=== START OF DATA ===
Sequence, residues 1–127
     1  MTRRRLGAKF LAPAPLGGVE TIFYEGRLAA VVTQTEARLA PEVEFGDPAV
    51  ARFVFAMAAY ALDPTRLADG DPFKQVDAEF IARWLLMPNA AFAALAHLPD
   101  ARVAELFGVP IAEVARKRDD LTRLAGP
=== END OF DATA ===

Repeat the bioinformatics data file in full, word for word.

Sequence, residues 1–127
     1  MTRRRLGAKF LAPAPLGGVE TIFYEGRLAA VVTQTEARLA PEVEFGDPAV
    51  ARFVFAMAAY ALDPTRLADG DPFKQVDAEF IARWLLMPNA AFAALAHLPD
   101  ARVAELFGVP IAEVARKRDD LTRLAGP